Policy highlights:

  • Decent work is central to sustainable poverty reduction and is a means for achieving equitable, inclusive and sustainable development. Development practitioners need go beyond the unemployment rate as a measure for analysing unmet need for employment and look at decent work instead. Progress made in the area of decent work should be monitored on a country level, using a set of indicators that combine standardized and context-specific elements.
  • This manual provides a tool through which a comprehensive, holistic report can be produced on the current status and progress of decent work in different settings. It concerns the second version of the ILO Manual on Decent Work Indicators, formulated by ILO on the basis of an international Tripartite Meeting of Experts.
  • The framework provided covers 10 elements based on the 4 pillars of ILO’s Decent Work Agenda: 1) full and productive employment, 2) rights at work, 3) social protection, and 4) the promotion of social dialogue. Both statistical data and legal framework indicators are organized and classified under these elements.
  • Policy should be informed by a combination of indicators, as presented in the manual. The level of, and change in, single statistical indicators is not sufficient to determine the presence (or absence) of decent work. Instead, it is through the analysis of a full set of selected indicators – including legal framework indicators – that a complex picture emerges of the progress made towards decent work. The data collection and statistical analysis procedures should be made clear to users in order to ensure that the data is used correctly.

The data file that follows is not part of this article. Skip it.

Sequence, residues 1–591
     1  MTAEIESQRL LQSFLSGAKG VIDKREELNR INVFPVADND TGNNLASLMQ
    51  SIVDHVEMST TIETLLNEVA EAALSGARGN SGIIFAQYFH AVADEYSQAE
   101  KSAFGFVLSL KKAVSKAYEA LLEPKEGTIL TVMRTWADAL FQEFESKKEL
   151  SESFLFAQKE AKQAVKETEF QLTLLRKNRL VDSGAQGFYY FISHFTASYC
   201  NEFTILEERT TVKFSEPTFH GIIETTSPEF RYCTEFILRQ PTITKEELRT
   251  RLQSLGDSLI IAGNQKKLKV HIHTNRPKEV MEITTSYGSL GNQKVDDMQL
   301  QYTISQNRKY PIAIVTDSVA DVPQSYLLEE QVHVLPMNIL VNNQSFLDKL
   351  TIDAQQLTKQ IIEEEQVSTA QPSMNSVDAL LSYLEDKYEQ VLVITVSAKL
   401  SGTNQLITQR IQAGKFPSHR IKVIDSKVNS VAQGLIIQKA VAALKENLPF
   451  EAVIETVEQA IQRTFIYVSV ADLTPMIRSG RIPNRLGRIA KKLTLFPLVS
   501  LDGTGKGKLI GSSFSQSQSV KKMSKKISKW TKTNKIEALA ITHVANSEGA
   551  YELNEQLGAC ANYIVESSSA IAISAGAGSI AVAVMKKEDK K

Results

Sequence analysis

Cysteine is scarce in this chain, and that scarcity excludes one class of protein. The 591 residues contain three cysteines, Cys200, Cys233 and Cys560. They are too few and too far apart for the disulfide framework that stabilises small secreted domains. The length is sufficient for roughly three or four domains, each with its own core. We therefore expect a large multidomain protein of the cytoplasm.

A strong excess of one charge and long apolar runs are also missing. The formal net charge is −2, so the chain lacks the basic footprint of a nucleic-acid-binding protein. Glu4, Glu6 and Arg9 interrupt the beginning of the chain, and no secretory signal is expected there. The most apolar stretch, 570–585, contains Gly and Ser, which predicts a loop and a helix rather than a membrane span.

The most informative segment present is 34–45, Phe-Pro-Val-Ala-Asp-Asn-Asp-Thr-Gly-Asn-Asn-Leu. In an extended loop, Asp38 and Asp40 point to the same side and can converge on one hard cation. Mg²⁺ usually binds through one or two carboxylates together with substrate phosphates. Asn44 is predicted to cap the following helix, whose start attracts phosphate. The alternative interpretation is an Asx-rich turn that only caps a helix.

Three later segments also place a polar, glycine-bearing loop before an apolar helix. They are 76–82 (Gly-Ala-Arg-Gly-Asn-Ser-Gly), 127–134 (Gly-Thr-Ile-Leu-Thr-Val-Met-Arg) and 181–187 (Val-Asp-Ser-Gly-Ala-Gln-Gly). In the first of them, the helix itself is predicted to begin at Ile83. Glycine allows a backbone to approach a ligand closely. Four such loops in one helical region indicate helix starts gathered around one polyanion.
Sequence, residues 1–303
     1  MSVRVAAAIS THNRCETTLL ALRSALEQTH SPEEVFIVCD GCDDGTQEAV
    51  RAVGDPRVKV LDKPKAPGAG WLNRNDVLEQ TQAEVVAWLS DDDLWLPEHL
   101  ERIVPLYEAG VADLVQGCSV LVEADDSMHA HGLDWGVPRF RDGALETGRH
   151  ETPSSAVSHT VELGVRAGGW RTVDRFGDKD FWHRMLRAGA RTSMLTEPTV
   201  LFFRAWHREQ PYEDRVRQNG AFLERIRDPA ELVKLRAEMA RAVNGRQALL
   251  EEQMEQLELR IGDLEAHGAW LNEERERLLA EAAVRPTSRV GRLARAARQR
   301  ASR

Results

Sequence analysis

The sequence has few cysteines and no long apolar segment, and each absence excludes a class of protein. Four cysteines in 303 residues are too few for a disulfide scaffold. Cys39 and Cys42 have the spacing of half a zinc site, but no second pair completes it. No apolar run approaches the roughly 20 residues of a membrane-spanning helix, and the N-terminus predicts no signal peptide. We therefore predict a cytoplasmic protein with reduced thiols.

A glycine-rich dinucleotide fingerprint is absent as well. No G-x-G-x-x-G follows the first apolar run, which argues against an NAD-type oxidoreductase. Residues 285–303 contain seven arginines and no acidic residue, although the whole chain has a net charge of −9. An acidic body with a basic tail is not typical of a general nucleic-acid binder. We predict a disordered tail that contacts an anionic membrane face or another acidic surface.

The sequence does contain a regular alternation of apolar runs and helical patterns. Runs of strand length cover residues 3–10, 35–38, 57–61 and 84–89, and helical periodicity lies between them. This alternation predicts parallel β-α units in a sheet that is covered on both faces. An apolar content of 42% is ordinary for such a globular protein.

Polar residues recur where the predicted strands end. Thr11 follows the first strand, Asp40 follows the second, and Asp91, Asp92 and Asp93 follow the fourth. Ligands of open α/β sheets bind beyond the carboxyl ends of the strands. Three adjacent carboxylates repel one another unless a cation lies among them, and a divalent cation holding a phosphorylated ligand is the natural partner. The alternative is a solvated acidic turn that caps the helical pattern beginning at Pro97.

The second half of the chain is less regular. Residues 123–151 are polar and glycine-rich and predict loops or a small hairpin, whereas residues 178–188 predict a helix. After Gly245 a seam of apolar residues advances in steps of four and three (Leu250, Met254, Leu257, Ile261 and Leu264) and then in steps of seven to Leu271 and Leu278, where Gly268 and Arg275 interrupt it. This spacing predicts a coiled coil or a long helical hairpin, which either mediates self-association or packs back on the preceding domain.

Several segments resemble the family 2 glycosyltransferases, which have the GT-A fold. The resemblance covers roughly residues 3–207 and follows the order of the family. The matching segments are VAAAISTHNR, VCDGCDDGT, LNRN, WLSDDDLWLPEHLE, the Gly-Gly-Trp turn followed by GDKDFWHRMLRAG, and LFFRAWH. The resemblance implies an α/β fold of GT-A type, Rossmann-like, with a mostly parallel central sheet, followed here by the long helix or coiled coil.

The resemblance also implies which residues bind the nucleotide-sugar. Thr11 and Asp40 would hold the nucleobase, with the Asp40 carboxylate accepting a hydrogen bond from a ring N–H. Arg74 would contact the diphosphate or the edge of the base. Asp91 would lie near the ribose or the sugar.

Connected themes
Share this post

Related items

AERC Regional Policy Forum summary

The AERC hosted a virtual Regional Policy Forum on 28 March 2022. The forum brought together key stakeholders who play important roles in shaping new research findings, paving new policy directions, and initiating innovative practices in the areas of youth and employment.

Getting up to speed with inclusive development

The INCLUDE team’s reading list: March 2022 Every month we share with our readers a…

cairo-workers
Identifying Economic Sectors to Create Employment for Youth in Africa: key findings from selected country cases

Growth Sectors for Youth Employment (GSYE) is an African Economic Research Consortium (AERC) collaborative research…

John_maara_Photo_
The world youngest continent is looking for work

The African continent is undergoing an important demographic transformation that will, for the better or the worse, drastically change its labor market. According to the World Bank, every year 12 million young people enter the job market while only 3 million formal jobs are created. With a median age of 25 years old, the African continent is the youngest in the world.

Maya Turolla Profile
website banner - webinar 6 (1000 x 400 px)
YOUTH @ WORK: the Future of Work Webinar Overview

How can the Fourth Industrial Revolution support youth employment in Africa? This was the main question of the closing session of our Youth@Work webinar series

Siri profile picture